Apple has rejected a court order from the US government to help the FBI unlock the iPhone belonging to San Bernardino shooter Syed Farook, saying that the implications of doing so were "chilling".
Responding to calls by US authorities to provide a means of enabling investigators to access Farook's iPhone 5C, Apple CEO Tim Cook said such a means of decrypting the device would ultimately create a "backdoor" to Apple's operating system and put the personal data of million of customers at risk.
Federal authorities have ordered Apple to alter Farook's device so that investigators can make unlimited attempts at entering the passcode without the risk of wiping the data, which occurs when an incorrect code is entered 10 times in a row.
However, Cook publicly contested what he labelled "an over-reach by the US government", adding that the request set "a dangerous precedent" in that it could potentially provide both criminals and authorities with unlimited access to customer data and the ability to intercept calls, messages and track users via GPS.
Cook said: "Up to this point, we have done everything that is both within our power and within the law to help them. But now the US government has asked us for something we simply do not have, and something we consider too dangerous to create. They have asked us to build a backdoor to the iPhone."
"Specifically, the FBI wants us to make a new version of the iPhone operating system, circumventing several important security features, and install it on an iPhone recovered during the investigation. In the wrong hands, this software – which does not exist today – would have the potential to unlock any iPhone in someone's physical possession.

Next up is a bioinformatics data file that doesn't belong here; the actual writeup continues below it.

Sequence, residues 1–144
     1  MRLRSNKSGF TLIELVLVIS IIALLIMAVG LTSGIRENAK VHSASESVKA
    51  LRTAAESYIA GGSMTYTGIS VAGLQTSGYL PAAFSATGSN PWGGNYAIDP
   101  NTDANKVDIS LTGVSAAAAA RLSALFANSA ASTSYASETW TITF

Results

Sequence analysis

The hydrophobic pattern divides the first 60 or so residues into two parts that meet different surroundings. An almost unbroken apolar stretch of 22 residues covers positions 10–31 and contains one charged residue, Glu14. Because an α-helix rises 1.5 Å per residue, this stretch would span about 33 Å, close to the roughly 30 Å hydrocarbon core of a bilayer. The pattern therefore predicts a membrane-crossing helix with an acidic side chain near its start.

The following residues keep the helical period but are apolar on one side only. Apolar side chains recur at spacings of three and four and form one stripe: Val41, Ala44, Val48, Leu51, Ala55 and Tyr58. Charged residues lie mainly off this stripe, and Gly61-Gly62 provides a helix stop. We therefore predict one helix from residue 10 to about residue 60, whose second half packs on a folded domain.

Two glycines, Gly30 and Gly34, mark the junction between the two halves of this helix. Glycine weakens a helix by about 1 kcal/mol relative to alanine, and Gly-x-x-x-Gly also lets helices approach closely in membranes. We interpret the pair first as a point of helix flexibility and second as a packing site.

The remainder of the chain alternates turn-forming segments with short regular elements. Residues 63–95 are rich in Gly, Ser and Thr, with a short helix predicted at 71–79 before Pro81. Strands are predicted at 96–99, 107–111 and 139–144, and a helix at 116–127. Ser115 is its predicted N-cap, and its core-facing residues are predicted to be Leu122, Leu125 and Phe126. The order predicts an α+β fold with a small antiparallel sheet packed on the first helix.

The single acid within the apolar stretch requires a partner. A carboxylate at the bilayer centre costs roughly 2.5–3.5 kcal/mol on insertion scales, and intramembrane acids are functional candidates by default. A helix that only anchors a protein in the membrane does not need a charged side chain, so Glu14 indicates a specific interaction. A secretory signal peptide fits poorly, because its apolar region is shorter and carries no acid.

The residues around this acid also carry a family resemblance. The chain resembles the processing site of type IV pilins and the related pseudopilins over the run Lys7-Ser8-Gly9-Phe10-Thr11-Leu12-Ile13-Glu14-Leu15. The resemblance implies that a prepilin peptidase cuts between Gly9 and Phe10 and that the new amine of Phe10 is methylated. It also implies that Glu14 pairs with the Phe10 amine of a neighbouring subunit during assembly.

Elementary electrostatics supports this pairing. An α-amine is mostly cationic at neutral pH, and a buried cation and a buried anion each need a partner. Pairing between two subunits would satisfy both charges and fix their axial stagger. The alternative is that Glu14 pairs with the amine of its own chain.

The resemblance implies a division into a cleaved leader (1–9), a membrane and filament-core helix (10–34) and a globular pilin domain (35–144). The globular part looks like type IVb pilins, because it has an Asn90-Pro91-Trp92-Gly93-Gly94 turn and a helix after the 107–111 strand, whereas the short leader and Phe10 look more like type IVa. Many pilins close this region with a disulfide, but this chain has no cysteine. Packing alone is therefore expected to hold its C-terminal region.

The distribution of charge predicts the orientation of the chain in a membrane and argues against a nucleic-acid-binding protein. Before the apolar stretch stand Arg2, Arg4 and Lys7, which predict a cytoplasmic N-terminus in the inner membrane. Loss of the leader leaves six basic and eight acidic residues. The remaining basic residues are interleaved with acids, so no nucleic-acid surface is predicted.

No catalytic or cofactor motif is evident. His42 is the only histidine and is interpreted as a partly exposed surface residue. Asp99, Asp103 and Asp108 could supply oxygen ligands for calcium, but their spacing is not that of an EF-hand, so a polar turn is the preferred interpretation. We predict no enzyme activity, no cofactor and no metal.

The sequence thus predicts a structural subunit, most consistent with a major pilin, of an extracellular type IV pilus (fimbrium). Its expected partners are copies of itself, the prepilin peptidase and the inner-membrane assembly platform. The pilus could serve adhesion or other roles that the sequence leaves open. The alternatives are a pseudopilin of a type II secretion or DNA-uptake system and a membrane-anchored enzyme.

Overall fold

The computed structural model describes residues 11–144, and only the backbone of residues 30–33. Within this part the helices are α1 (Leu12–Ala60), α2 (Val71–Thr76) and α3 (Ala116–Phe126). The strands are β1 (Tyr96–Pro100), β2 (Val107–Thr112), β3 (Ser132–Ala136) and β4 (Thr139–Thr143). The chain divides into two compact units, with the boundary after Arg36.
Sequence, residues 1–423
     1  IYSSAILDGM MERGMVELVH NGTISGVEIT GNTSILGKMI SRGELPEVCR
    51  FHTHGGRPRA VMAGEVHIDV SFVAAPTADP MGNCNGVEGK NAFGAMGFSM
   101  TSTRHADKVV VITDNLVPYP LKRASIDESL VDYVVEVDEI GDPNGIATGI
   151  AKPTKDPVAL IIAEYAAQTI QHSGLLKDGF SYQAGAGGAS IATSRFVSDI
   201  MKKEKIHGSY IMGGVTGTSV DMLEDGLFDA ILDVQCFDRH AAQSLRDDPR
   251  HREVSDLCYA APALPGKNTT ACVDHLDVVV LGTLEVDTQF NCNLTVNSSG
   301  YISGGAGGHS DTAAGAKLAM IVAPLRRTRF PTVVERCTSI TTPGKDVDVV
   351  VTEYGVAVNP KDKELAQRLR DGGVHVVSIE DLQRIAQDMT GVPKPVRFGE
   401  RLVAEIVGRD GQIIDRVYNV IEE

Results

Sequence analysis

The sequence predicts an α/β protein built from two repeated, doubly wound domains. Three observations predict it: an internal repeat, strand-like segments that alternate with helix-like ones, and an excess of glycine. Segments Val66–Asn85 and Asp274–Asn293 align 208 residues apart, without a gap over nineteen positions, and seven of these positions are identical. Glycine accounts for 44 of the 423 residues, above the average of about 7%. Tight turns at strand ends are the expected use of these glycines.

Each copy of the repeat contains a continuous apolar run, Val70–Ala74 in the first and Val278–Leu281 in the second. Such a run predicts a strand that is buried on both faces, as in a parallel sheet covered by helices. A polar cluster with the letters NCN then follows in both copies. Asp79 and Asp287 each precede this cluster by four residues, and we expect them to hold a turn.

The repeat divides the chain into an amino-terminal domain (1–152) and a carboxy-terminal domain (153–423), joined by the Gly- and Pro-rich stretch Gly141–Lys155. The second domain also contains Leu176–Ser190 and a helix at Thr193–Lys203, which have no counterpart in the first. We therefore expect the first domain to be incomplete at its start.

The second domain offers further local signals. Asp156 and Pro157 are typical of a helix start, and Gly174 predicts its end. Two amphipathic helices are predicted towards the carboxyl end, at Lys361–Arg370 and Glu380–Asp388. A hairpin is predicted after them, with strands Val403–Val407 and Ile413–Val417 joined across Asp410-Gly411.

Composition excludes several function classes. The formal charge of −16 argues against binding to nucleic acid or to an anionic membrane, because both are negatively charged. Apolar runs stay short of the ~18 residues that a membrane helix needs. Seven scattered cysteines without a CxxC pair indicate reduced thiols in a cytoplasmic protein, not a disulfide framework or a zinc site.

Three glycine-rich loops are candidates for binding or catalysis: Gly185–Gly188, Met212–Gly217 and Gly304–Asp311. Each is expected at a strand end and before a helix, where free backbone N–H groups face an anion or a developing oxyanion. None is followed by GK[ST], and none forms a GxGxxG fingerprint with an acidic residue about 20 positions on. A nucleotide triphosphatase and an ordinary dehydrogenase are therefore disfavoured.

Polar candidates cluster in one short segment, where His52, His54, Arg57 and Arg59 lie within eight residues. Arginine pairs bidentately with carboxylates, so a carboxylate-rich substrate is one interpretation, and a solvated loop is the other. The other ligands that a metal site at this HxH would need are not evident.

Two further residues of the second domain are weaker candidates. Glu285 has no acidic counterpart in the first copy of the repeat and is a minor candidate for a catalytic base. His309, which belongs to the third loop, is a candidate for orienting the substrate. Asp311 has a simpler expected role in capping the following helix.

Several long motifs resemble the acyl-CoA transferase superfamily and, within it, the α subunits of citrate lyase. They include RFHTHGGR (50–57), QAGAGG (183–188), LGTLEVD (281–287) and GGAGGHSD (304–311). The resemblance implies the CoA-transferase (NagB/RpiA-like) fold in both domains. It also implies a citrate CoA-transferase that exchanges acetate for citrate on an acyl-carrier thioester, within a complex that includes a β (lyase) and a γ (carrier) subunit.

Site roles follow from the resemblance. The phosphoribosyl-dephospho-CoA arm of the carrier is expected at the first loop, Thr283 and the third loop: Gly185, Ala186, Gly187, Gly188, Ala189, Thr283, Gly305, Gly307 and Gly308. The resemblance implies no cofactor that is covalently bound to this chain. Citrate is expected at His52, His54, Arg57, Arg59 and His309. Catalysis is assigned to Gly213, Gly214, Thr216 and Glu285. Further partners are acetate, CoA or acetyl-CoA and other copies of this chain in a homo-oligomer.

"The FBI may use different words to describe this tool, but make no mistake: building a version of iOS that bypasses security in this way would undeniably create a backdoor. And while the government may argue that its use would be limited to this case, there is no way to guarantee such control."
Farook and partner Tashfeen Malik shot and killed 14 people at a Christmas party in San Bernardino, California, on 2 December 2015.
The FBI has since been attempting to access Farook's iPhone in the hope that it will provide investigators with information regarding the motives behind the attack and any affiliation to terrorist groups. While Apple has been assisting the FBI in the matter, the company has remained resolute in its policy of protecting its customers data and denying access to the devices of criminal suspects, claiming that doing so would tarnish the relationship it enjoys with its customers.
Cook added: "Opposing this order is not something we take lightly. We feel we must speak up in the face of what we see as an overreach by the US government.
"While we believe the FBI's intentions are good, it would be wrong for the government to force us to build a backdoor into our products. And ultimately, we fear that this demand would undermine the very freedoms and liberty our government is meant to protect."